Was surprised there apparently wasn’t a caching layer in front of the databases already, too. That seemed like an obvious easy win.

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      But why does Discord store trillions of messages? I know that there’s an answer in the linked earlier blog post:

      We decided early on to store all chat history forever so users can come back at any time and have their data available on any device.

      Also in that post:

      Everything on Discord was stored in a single MongoDB replica set and this was intentional…

      Okay. It sounds like most performance issues are ultimately provoked by the multimodal nature of guilds, as detailed in that post.

      At risk of stating the obvious (or worse, giving free advice), why isn’t data keyed or sharded by guild? I recognize that this line of questioning leads to the idea that maybe “servers” should either be genuinely isolated from each other, etc.

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      Kind of surprised about a lot of these points, in particular the fact that they have design decisions that seem to fall over given the bimodal nature of discord servers.

      The static buckets for timing and using a database with cheap writes and more expensive reads is like… for most systems you can get away with this (and they are getting away with it for the most part IMO). But given this is their core system, it feels like by now adding a different sort of indexing system for scrollbacks that allows for certain discords to have different buckets seems very important.

      EDIT: honestly it looks like the work is almost there. Bucket sizes being channel dependent seems like an easy win, and maybe you have two bucket fields just built-in so you can have auto-migration to different bucket sizes and re-compact data over time, depending on activity.

      I don’t know about Cassandra’s storage mechanisms, but I do know that a lot of people with multitenant systems with Postgres get bit by how the data is stored on disk (namely, you make a query and you have to end up fetching a lot of stuff on disk that is mostly data you don’t need). It feels so essential for Discord for data to properly be close together as much as possible.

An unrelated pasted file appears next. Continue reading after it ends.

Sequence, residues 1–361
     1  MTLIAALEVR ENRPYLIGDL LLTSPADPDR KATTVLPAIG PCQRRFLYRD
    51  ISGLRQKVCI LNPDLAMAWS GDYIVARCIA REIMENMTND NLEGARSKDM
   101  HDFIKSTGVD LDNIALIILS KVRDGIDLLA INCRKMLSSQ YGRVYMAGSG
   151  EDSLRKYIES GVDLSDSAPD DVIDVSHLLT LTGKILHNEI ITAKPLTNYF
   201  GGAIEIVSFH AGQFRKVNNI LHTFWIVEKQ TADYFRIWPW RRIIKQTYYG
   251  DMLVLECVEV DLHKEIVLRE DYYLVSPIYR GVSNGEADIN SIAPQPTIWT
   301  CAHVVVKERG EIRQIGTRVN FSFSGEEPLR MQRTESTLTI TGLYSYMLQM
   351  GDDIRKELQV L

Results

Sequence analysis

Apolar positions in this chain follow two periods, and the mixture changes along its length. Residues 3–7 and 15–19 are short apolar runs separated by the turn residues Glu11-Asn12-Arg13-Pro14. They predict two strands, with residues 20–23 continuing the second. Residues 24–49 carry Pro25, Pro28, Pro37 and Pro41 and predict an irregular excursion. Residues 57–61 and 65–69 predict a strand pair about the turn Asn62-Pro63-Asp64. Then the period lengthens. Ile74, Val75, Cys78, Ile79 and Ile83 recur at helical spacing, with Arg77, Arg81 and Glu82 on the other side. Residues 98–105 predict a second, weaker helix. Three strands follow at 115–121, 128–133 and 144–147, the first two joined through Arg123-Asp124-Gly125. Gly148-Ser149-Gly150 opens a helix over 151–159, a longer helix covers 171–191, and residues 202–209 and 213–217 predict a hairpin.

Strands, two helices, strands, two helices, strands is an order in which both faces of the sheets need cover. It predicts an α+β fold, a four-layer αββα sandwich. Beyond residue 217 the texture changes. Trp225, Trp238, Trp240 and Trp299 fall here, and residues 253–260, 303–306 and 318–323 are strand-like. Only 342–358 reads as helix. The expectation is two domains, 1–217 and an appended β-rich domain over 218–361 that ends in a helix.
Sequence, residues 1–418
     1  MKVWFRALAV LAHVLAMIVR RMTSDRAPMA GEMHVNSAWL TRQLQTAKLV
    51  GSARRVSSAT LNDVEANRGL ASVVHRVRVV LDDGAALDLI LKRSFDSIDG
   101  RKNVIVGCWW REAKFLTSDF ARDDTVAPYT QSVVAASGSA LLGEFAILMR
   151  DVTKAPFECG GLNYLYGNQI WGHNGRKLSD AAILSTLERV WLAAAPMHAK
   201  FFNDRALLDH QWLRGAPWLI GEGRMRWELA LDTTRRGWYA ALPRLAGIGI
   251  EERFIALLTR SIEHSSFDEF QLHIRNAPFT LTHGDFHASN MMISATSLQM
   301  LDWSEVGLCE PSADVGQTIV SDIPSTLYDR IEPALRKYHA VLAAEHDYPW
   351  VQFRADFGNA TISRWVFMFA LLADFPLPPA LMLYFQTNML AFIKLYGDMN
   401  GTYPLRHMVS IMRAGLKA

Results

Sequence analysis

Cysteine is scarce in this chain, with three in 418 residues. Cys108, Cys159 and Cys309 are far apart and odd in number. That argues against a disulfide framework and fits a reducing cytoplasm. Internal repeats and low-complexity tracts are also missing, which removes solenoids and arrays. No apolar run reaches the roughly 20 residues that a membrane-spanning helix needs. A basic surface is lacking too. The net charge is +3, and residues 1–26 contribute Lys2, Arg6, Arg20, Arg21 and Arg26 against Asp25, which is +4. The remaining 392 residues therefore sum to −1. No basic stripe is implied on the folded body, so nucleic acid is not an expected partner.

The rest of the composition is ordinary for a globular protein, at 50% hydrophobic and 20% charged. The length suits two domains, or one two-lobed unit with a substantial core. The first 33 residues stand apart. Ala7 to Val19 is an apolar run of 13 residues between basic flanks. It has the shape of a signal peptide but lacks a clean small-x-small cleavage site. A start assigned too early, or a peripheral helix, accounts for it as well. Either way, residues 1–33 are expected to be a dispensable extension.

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        I’m also surprised that they would bias for writes. My intuition is that chat messages are always written exactly once, and are read at least once (by the writer), usually many times (e.g. average channel membership), and with no upper bound. That would seem to be a better match for a read-biased DB. But I’m probably missing something!

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          It’s a great question and the answer isn’t straightforward. Theoretically btree based storage is better than LSM for read heavy workloads but almost all distributed DBs–Cassandra, BigTable, Spanner, CockraochDB–use LSM based storage.

          Some explanations why LSM has been preferred for distributed DBs:

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          I’m assuming they are broadcasting the message immediately to everyone online in the channel, and you only read from the database when you either scroll back far enough for the cache to be empty, or when you open a channel you haven’t opened in a while. That would avoid costly reads except for when you need bulk reads from the DB.

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            Yes, we have realtime message via our Elixir services to distribute messages: https://discord.com/blog/how-discord-scaled-elixir-to-5-000-000-concurrent-users

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            I’d be very surprised if the realtime broadcast of a message represented more than a tiny fraction of its total reads. I’d expect almost all reads to come from a database (or cache) — but who knows!

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              It’s a chatroom and people don’t scroll way up super often. They only need to check the last 50 messages in the channel unless the user deliberately wants to see more. There might be a cache to help that? But you can stop caching at a relatively small upper bound. That said I am curious how this interacts with search.

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      In the second graph, I wonder what caused the downward spike in loading at 11:45?

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      I am very sad that it’s not a excel spreadsheet :D

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        One for every 1,048,576 messages?

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      Amusing that they left MongoDB to scale better.

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      This is interesting and well written. I’m not understanding the reason for the middle-tier request services vs a caching layer. Is batching reads to a DB more performant than serving individual reads from memory like redis?